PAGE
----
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United Airlines on Monday reported a $2.1 billion pre-tax loss between January and March, the first U.S. carrier to place a dollar amount on first quarter carnage, a period in which demand went from strong to nearly non-existent within weeks because of a once-in-a-century global pandemic.
First quarter generally is weakest for U.S airlines, but United has in recent years been making money, reporting $367 million in profit in the first three months of last year. As recently as January, executives expected another strong quarter, reporting reasonable demand in most markets, including China.
Then it all came crashing down. First the Chinese market cratered, then Asia more broadly. Next, European demand fell, led by Italy, and then by mid-March, Americans essentially stopped traveling, even domestically.
This month, United executives have said demand has fallen to nearly zero, with the airline racing to cut flights while still satisfying U.S. government demands that it pull out of as few cities as possible. No one knows when conditions will improve.
In its filing Monday with the U.S. Securities and Exchange Commission, the airline said revenue had decreased $100 million, each day, during the last two weeks of March, measured on a year-over-year basis.
Despite United’s big loss and late quarter revenue drop, indications suggest the worst is still to come.
From January through March, United announced total revenue of $8 billion, a 17 percent drop, year-over-year. That’s a significant but not massive revenue decrease drop, and was likely so modest because the Covid-19 pandemic did not seriously hit the United States until March.
United’s second quarter revenue is likely to drop much more substantially.
Preparing for the Worst
The airline is preparing for what could be the worst quarter in aviation history, it said in its filing.
United has cut 80 percent of capacity this month, and will slash 90 percent in May. Schedules for later this year have seen fewer changes, but in its filing, United said those will be evaluated soon. “The Company plans to proactively evaluate and cancel flights on a rolling 60-day basis until it sees signs of a recovery in demand,” it said.
United has been looking to increase cash, with the airline reporting Monday that it had $6.3 billion in cash and cash equivalents on April 16.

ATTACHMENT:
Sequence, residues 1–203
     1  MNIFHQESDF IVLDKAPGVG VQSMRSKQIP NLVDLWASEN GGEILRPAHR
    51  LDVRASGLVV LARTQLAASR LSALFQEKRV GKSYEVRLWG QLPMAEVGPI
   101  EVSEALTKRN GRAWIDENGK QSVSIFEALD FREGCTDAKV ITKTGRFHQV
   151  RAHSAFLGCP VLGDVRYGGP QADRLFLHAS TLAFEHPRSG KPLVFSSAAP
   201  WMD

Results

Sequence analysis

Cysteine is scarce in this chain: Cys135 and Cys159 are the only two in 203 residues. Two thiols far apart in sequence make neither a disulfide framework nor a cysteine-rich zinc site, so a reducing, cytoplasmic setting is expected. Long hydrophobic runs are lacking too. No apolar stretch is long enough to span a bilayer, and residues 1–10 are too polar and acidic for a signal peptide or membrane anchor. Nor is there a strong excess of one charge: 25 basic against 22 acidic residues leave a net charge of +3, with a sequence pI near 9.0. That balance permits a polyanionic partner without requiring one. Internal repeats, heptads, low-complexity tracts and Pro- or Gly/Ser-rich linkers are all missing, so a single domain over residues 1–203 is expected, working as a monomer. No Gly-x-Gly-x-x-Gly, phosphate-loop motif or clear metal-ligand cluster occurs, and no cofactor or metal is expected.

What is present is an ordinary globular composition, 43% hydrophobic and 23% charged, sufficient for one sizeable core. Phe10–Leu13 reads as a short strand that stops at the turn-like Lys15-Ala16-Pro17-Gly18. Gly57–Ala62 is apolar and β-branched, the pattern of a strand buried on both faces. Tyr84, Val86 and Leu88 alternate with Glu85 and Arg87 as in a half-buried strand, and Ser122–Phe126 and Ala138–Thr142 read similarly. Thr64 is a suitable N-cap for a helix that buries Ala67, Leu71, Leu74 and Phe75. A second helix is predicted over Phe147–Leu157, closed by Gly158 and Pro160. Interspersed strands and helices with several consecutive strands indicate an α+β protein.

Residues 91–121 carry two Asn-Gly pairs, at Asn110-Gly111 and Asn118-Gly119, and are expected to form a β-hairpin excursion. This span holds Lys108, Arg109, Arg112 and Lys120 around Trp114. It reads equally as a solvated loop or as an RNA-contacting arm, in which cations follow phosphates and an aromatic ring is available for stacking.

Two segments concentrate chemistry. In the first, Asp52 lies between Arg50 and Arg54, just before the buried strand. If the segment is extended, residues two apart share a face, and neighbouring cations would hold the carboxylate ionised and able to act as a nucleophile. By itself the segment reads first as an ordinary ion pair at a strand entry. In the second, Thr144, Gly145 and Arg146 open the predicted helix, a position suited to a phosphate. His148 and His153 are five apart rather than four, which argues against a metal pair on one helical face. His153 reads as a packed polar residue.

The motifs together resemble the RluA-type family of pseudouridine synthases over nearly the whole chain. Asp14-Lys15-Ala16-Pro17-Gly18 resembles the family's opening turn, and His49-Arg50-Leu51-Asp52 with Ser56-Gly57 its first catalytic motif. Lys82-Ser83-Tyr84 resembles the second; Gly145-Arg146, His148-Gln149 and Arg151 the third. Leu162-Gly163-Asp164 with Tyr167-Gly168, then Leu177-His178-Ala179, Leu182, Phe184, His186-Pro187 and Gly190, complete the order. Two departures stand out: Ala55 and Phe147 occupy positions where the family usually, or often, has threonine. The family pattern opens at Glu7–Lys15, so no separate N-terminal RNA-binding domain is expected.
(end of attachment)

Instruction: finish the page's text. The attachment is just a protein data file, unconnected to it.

It said it is taking about $5 billion from the U.S. government to help cover payroll expenses through Sept. 30, with $3.5 billion as a grant and the remainder a low-interest loan. United said it expects to issue warrants to the U.S. Treasury Department allowing it to buy up to 4.6 million shares of United stock at $31.50, its April 9 closing price.
United also said Monday it is applying for a $4.5 billion loan from the Treasury Department for up to five years. Terms would be similar to the paycheck protection arrangement, the airline said. Collateral has not been determined, United said.
Not all of United’s big losses come directly from its operation. Some are tied to investments or business deals abroad.
On Monday, United said it took a $293 million loss connected tie to a decrease in value of its investment in Azul, a Brazilian airline controlled by David Neeleman, the JetBlue Airways founder. In 2018, United said it had increased its stake to 8 percent.
United also said it was taking a $697 million non-operating credit loss from a loan to BRW Aviation Holding LLC and BRW Aviation LLC, Avianca’s majority owner.
“United recorded the allowance based on United’s assessment of Avianca Holdings S.A.’s financial uncertainty due to its high level of leverage and the fact that the airline has currently ceased operations due to the COVID-19 pandemic,” it said in the filing.
Meanwhile, in Asia, United took a $50 million impairment charge on the value of its routes to China.
“Due to the COVID-19 pandemic and the subsequent suspension of flights to China, the Company determined that the value of its China routes had been impaired,” it said.
In 1985, United announced it would pay $750 million for Pan Am’s Pacific division, giving it landing rights in China and other Asian cities, making it the first of the three surviving U.S. legacy airlines (American and Delta are the others) to fly to China.
What United Wants Investors to Focus On
Adjusting for all special charges, investments and non-operating losses, United said its first quarter loss was about $1 billion.
“United believes that adjusting for special charges and for non-operating credit losses is useful to investors because these items are not indicative of United’s ongoing performance,” it said.